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 Format Wars 2002 Title

 

Greetings from Roger Macie:

I am constantly asked about what has become the most purchased format since Sony has stopped manufacturing BVW series BetacamSP decks and camcorders. While Betacam has been the lifeblood of the broadcast and high-end production industry for about two decades, things are beginning to change. What I would like to share is what I see happening as of November 2002.

Many thought or wished that HD (high definition) would replace Betacam by now, however, that hasn't happened. There is much confusion with all the SD (standard definition) and HD formats that exist today. Few are interested in taking a chance that what we purchase today will become unpopular tomorrow. It is because of that fear that Sony’s DVCAM has become the most purchased format. Its quality is close to Betacam. It’s inexpensive in both tape stock and equipment, and is a perfect mate for NLEs (non-linear editors) because it can transfer in digital form directly though a fire wire data connection.

While the big networks take most of their video in the analog format, they are beginning to see the advantages of DVCAM acquisition. In remote locations they can shoot and edit on laptop NLEs, which create costs savings. While a lot of the footage is shot with tiny hand held PD-150 type camcorders, they now have the ability to use high quality full sized cameras and benefit from the advantages of the DVCAM tape format. We see this happening with many other broadcast applications and I would not be surprised if the networks begin to hire crews with the high-end DVCAM camcorders such as the Ikegami HL-DV7W or Sony DSR-570.

One indicator of this is with Tamberelli Video in New York City. They are a premier rental and video services company and, until recently, dealt with mostly Digital Betacam and BetacamSP. Currently about 75 percent of their business is renting their 16 full sized Ikegami HL-DV7Ws and 15 Sony DSR-PD-150 camcorders. The demand for the more expensive formats has shifted, at least for now. Recently, I have received a number of calls from freelancers who are shooting everything with high-end DVCAMs, and are looking to sell their Betacams while they still have good value.

Several stations I know have made the switch also. WKYC TV in Cleveland went from BetaSX to DVCAM with the purchase of over 20 DSR-500s and has gone tapeless inside the plant. The photographers return from a shoot and load their own tapes directly into video servers at four times normal speed. The video is edited on NLEs and airs directly from the server. WCVB-TV, the Boston ABC affiliate and my former employer, replaced all of their BetacamSP camcorders with Ikegami's HL-DV7W camcorders. In house they edit on NLEs and DVCAM edit decks.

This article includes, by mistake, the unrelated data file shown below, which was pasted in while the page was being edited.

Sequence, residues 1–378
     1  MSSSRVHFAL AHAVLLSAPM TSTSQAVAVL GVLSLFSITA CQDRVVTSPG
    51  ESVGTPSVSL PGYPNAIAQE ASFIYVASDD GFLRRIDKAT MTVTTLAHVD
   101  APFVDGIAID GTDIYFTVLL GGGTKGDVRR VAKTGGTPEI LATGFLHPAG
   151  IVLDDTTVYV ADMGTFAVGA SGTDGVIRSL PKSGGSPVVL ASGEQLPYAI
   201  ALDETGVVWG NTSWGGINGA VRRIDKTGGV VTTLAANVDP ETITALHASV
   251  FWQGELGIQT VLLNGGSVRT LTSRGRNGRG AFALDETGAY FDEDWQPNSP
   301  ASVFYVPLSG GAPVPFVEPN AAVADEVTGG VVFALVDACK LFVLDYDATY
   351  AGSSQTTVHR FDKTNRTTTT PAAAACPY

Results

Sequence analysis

While the format is important, it's the picture quality of the camera that makes its video look so good. Both are low light sensitive and have scene files for camera set-ups which gives flexibility of changing camera set-up parameters, either for special looks or for dealing with difficult lighting conditions. With a street price of about $15,000 and $13,000 for the Sony and Ikegami, many are receiving a new lease on life until the industry shakes things out. What's also neat is that these camcorders use standard 2/3-inch lenses and existing batteries.

With the current popularity of DVCAM and the fact that the networks are already taking in DV and DVCAM, I would not be surprised if they begin taking in footage on a regular basis shot with these now popular camcorders. They will not only maintain the picture quality they are used to with Betacam, but benefit from the ability to field edit on notebook NLEs.

As you are probably aware, Macie Video Service specializes in camera and deck related maintenance on the most popular broadcast formats. Until this year BetacamSP has been our main focus. Just as most of you have held out purchasing new gear, we also have held out servicing the many digital formats until we could justify our expense in training, specialized tools, spare parts, manuals, and purchase of camcorders ourselves.

Currently about 20% of our new camera set-ups and 10% of our deck maintenance is with the high-end DVCAM camcorders. Every videographer is just as happy with DVCAM as they have been with Betacam. Clients can't tell the difference between formats once the cameras have been set-up properly to the Macie Uniform Standard.

In case you haven't noticed we are now giving free listings for crews with the high end DVCAM Sony DSR-300A, 500, 570, or Ikegami HL-DV5 or 7 camcorders (dockables included) on our broadcastvideo.com/freelance website.

Take care,
Roger

   

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